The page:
Gwaii Haanas National Park

More than a million interesting and rare birds nest along the shoreline and spectacular deep fiords of Gwaii Haanas National Park Reserve, 138 rugged “islands of wonder and beauty” (their Haida name) off Canada’s northwest coast. They are attracted by undisturbed breeding habitat and abundance of food both in off- and inshore waters, including huge numbers of spawning salmon.

Marine mammals are attracted as well—17 whale species, some resident, some transient: humpback, sei, finback, minke, gray, and handsome small orcas—as well as up to 10,000 harbor seals and a large breeding colony of Steller’s sea lions. Multihued sea stars illuminate low-tide zones.

Small plump marbled murrelets, a seriously threatened species, lay single eggs in depressions on mossy limbs (unfortunately on trees favored by the logging industry).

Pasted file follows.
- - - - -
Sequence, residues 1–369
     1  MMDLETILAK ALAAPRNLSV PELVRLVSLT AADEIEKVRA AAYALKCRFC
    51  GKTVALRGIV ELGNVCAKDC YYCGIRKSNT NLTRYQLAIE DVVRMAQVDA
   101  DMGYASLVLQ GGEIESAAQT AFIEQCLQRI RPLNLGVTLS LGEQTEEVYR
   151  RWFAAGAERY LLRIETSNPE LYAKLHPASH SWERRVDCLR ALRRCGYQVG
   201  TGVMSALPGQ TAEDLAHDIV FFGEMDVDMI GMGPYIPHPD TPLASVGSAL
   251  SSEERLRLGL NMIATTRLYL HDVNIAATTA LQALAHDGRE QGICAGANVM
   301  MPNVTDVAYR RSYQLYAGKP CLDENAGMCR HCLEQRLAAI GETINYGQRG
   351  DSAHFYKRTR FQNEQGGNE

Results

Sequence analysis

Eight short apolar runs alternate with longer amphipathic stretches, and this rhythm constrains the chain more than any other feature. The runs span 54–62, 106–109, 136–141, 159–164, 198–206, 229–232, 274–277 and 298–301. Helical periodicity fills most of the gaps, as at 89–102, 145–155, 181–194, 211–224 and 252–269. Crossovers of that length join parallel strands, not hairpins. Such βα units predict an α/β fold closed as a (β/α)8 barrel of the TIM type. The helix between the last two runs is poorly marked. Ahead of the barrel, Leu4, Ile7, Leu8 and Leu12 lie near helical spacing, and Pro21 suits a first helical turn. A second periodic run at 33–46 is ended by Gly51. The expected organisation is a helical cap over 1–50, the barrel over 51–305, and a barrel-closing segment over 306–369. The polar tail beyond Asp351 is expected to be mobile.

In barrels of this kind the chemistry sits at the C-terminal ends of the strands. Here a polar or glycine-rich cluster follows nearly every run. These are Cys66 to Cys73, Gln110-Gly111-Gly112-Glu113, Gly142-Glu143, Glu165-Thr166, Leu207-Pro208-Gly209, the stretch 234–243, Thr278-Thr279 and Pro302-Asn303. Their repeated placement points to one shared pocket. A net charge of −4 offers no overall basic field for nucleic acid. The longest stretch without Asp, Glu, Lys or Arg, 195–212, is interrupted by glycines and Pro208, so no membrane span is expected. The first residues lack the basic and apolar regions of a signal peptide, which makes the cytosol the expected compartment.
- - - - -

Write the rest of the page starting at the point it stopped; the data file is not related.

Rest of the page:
Eagles nest along the coast along with peregrine falcons, common murres, and cormorants.

Rhinoceros auklets, bearing a rhino-like bill tuft, raise young in burrows. So do ancient murrelets, tufted puffins, Cassin’s auklets, and Leach’s and fork-tailed storm petrels.

Black bears and pine martens—both larger than mainland cousins, due in part to rich seafood diets—live in one of the finest old-growth forests on the Pacific coast.

Access to Gwaii Haanas is by air or sea. There are no campsites, trails, and few visitor services, though licensed tour guides and lodging are nearby.